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Thread: Second question to Rick Hansen Foundation

  1. #11
    Quote Originally Posted by rjames View Post
    Isn't most of this information public record if they are a 501c3 non profit? you can see the financials for CDRF on their site.
    The finacial report they make available is actually very foggy.
    Then also a common person is not familiar with a ballance sheet usually, so I think they should just answer the question.

    The problem is that by honestly answering the question many people with SCI will realize they have been screwed by RHF so they try not to answer.
    How miserable is that?

    Paolo
    In God we trust; all others bring data. - Edwards Deming

  2. #12
    Quote Originally Posted by StemCells&AtomBombs View Post
    I know that many of you have already sent off another question to the Rick Hansen Foundation after the response you got, but I think it's better that we keep things as a group.

    Therefore I have prepared another question just like before and you can send it off in a minute. Please pass this along to your friends and colleagues.

    We shouldn't just ignore the response, we should ask again as a group.

    http://stemcellsandatombombs.blogspo...ck-hansen.html

    Italian: http://cellulestaminaliebombeatomich...ione-rick.html

    Spanish: http://celulasmadreybombasatomicas.b...ck-hansen.html

    Let's work together because we'll get the most progress.
    Keep in mind that it's a long weekend in Vancouver, August 1st is a stat holiday. I doubt their pr team works on weekends or stats.

  3. #13
    Quote Originally Posted by paolocipolla View Post
    I intend to donate if they give me an answer that I agree with.
    Do you think I do that just for fan?????????????? I have much better things to do for fun FYI
    I just want see people to get out of w/c ASAP! That is what propers me.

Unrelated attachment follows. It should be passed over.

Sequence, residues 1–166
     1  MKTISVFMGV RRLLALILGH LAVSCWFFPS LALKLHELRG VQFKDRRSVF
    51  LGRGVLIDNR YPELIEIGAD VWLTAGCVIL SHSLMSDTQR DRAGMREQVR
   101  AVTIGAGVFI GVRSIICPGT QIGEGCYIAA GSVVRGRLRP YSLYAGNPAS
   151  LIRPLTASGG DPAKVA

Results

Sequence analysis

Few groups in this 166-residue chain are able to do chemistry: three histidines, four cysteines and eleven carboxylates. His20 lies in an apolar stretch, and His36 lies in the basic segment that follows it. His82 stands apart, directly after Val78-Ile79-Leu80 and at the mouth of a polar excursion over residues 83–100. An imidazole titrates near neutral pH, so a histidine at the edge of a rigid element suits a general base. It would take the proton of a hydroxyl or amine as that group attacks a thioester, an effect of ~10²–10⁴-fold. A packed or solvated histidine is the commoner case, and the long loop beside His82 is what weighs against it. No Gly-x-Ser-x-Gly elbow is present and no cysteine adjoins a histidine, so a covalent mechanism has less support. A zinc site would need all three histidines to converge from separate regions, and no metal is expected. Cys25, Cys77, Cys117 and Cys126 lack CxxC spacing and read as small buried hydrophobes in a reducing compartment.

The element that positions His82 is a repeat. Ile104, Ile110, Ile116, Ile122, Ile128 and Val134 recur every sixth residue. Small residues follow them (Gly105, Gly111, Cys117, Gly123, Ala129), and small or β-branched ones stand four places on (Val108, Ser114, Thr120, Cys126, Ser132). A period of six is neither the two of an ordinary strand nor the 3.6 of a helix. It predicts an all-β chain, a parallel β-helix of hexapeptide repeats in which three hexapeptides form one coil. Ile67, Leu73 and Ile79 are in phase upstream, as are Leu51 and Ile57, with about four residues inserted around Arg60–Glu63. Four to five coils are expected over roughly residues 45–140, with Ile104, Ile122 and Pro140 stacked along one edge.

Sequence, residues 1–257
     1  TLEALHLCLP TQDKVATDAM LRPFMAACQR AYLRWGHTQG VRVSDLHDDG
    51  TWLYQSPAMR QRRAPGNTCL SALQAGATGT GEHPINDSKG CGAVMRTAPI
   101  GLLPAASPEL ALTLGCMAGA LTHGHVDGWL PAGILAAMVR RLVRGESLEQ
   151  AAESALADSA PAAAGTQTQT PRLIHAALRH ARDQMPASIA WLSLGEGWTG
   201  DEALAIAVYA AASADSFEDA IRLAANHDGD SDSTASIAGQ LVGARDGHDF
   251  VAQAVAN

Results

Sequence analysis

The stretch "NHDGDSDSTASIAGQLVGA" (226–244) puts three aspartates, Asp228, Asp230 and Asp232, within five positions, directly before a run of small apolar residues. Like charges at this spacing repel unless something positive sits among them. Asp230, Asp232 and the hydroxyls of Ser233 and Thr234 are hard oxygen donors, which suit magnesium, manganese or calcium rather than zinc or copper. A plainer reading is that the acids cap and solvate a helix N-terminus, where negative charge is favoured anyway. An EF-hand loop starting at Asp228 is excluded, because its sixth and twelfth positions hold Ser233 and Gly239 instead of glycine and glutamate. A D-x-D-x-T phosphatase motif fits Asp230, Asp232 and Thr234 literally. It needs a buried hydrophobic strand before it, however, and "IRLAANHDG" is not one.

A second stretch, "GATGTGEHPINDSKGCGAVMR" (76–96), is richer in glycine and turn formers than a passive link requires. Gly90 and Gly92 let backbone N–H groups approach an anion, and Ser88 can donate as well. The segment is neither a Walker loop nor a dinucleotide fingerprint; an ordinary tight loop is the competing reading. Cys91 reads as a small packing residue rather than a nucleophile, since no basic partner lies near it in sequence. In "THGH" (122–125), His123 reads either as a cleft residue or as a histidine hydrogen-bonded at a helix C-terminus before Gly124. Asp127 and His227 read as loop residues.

Do you think that makes sense??? Or is too much for you?

    Paolo
    WTF! Why the condescending attitude?

    So you think a bad attitude from Spain is going to influence how any foundation is spending their money or influence them to answer any of your funding questions. As an earlier post say, Look it up, it's there with their 501.c exempt status. If you have questions they might be more apt to write a personal response knowing you are at least enlightened a little from reading it. Of course you get a form letter with all the inquiries they get a day.

    I think you are pissed off because you got injured and can't get fixed, not because you want to see others out of their w/c's. You need someone to blame, so you blame the foundations because they aren't going fast enough for you. Spend a few years in the chair, then you can get altruistic.

    You asked what I thought, that's what I think or is that too much for you.

  4. #14
    Senior Member lynnifer's Avatar
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    501 exempt is an American thing from your Internal Revenue Service laws so I don't understand it here in Canada.

    If I donate to Canadian OR American organizations, I may take a minute percentage from my income taxes ... but it's hardly worth it. Or you have the option to carry them over year by year until you have a substantial amount.
    Roses are red. Tacos are enjoyable. Don't blame immigrants, because you're unemployable.

    T-11 Flaccid Paraplegic due to TM July 1985 @ age 12

  5. #15
    The 501.c exemption status is USA tax code. Canada doesn't have a 501.c

  6. #16
    Quote Originally Posted by Patrick Madsen View Post